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Ellen Baker

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Ann Arbor Observer – August 17, 2011
“It is the measure of Ellen Baker’s success that she makes [the] journey from the shadowed past real and deeply moving.”

Minneapolis Star Tribune – July 30, 2011
“a richly satisfying sophomore effort steeped in heartbreak and history… both sweeping in scope and sure to set readers’ imaginations to flight… Baker’s natural ear for the parlance of the era, site-specific and wholly believable, is but one element that makes her second novel such a cozy delight. Between Grace and Lena — and all the characters in between — this talented author has created familiar-seeming people whom readers will care about.”

Booklist – July 1, 2011
“Pressed into Rosie the Riveter service at a northern Wisconsin shipyard during WWII, Violet, her daughter, Lena, and Lena’s best friend, Grace, sacrifice their health and well-being for their men serving overseas. Grace pines for her boyfriend, Alex, while Lena worries about her brother, Derrick, and Violet, burdened by a disabled husband unwilling to go to work or war, struggles to hold on to the family farm. Orchestrating a matchmaking scheme with ulterior motives, Lena urges Grace to write to Derrick, a plot that is jeopardized when Derrick is listed as missing-in-action. When Grace suddenly marries recently discharged war vet Joe and gives birth to a child, Lena’s plans to secure her homestead take on new urgency. Fifty years later, a young woman finds herself caretaking the same property for her aunt, only to discover she is part of a convoluted and sinister family history. Masterfully portraying the harsh realities of women’s newly acquired role in the wartime workplace, Baker’s family saga brims with gothic undertones.”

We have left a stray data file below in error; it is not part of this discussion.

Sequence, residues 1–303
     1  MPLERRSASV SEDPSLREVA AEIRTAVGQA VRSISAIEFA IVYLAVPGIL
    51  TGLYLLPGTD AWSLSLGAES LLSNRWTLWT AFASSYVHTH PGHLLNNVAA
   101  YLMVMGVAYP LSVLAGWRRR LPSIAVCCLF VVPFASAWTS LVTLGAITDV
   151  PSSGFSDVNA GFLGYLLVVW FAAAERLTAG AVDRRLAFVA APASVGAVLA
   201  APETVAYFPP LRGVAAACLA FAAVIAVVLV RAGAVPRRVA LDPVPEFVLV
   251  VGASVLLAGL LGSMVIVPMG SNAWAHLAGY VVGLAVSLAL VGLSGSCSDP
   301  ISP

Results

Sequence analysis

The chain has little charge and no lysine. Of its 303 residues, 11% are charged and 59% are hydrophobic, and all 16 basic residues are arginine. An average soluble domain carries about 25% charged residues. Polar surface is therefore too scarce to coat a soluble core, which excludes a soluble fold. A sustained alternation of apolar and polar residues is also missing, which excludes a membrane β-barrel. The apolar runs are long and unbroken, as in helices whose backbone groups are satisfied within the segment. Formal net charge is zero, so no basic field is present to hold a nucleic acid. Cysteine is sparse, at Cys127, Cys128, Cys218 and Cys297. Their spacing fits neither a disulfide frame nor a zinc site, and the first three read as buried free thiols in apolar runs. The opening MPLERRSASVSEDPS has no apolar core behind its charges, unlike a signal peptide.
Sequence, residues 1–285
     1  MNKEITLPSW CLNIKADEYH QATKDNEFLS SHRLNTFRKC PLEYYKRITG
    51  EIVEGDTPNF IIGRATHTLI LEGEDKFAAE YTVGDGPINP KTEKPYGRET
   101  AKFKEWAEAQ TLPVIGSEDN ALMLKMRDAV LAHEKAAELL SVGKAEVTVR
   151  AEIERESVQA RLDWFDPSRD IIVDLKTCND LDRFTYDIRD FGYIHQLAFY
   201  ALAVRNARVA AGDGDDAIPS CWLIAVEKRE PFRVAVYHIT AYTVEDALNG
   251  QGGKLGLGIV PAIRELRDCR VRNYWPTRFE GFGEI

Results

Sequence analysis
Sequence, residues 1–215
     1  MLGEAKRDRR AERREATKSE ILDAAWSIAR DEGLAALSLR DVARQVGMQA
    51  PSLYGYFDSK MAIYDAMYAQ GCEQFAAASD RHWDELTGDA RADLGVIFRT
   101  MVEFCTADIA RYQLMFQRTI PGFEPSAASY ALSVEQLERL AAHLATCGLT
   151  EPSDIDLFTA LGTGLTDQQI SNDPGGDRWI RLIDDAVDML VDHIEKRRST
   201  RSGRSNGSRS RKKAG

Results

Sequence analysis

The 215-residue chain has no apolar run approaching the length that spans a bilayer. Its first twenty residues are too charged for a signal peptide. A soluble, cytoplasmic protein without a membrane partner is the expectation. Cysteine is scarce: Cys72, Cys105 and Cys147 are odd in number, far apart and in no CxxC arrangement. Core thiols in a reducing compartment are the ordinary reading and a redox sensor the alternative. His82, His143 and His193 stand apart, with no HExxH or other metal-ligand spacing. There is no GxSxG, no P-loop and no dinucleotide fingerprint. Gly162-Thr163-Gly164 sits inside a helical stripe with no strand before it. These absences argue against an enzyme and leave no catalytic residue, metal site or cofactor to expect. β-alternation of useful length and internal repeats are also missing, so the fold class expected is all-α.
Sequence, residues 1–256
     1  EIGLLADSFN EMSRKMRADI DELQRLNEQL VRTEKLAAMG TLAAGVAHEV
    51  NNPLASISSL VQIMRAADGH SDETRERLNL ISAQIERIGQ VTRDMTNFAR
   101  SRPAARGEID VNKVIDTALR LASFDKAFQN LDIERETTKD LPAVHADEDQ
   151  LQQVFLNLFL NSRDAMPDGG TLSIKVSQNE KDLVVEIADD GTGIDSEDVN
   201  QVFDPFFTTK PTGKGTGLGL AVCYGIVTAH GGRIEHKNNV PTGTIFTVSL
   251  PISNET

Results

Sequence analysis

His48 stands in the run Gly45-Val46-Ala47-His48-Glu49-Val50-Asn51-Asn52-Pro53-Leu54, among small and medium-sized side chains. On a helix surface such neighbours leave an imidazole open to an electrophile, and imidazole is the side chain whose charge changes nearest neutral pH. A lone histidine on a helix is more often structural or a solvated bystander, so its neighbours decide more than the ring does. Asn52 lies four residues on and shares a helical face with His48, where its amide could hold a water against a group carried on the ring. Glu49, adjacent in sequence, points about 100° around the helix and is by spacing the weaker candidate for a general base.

Publishers Weekly – June 20, 2011
“Baker (Keeping the House) mixes past and present, love and loss, forgiveness and renewal in this sensitive cross-generational story of the lingering effects of WWII… …Reminiscent of both A.S. Byatt’s Possession and “Rosie the Riveter,” Baker is at her best describing a bone-deep cold Lake Superior and the lives of the women who labored over ships as a rare but powerful part of history.”